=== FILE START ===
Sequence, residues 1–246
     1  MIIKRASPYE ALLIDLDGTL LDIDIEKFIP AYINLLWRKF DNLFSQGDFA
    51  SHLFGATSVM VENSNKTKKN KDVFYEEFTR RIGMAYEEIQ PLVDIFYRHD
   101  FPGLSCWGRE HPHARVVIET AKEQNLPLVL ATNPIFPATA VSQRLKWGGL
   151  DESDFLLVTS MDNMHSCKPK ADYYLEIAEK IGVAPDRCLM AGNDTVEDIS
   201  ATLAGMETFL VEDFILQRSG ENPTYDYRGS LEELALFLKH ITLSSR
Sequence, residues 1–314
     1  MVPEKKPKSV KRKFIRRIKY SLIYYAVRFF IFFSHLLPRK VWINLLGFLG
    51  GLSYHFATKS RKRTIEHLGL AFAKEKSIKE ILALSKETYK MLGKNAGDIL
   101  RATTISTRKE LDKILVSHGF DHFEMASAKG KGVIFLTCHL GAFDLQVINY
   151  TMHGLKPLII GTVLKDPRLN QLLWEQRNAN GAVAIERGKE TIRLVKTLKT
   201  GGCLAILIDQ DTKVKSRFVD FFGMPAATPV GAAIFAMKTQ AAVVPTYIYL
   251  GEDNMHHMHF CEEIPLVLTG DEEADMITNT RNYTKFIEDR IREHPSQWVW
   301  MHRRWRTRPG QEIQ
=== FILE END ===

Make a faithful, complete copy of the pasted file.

Sequence, residues 1–246
     1  MIIKRASPYE ALLIDLDGTL LDIDIEKFIP AYINLLWRKF DNLFSQGDFA
    51  SHLFGATSVM VENSNKTKKN KDVFYEEFTR RIGMAYEEIQ PLVDIFYRHD
   101  FPGLSCWGRE HPHARVVIET AKEQNLPLVL ATNPIFPATA VSQRLKWGGL
   151  DESDFLLVTS MDNMHSCKPK ADYYLEIAEK IGVAPDRCLM AGNDTVEDIS
   201  ATLAGMETFL VEDFILQRSG ENPTYDYRGS LEELALFLKH ITLSSR
Sequence, residues 1–314
     1  MVPEKKPKSV KRKFIRRIKY SLIYYAVRFF IFFSHLLPRK VWINLLGFLG
    51  GLSYHFATKS RKRTIEHLGL AFAKEKSIKE ILALSKETYK MLGKNAGDIL
   101  RATTISTRKE LDKILVSHGF DHFEMASAKG KGVIFLTCHL GAFDLQVINY
   151  TMHGLKPLII GTVLKDPRLN QLLWEQRNAN GAVAIERGKE TIRLVKTLKT
   201  GGCLAILIDQ DTKVKSRFVD FFGMPAATPV GAAIFAMKTQ AAVVPTYIYL
   251  GEDNMHHMHF CEEIPLVLTG DEEADMITNT RNYTKFIEDR IREHPSQWVW
   301  MHRRWRTRPG QEIQ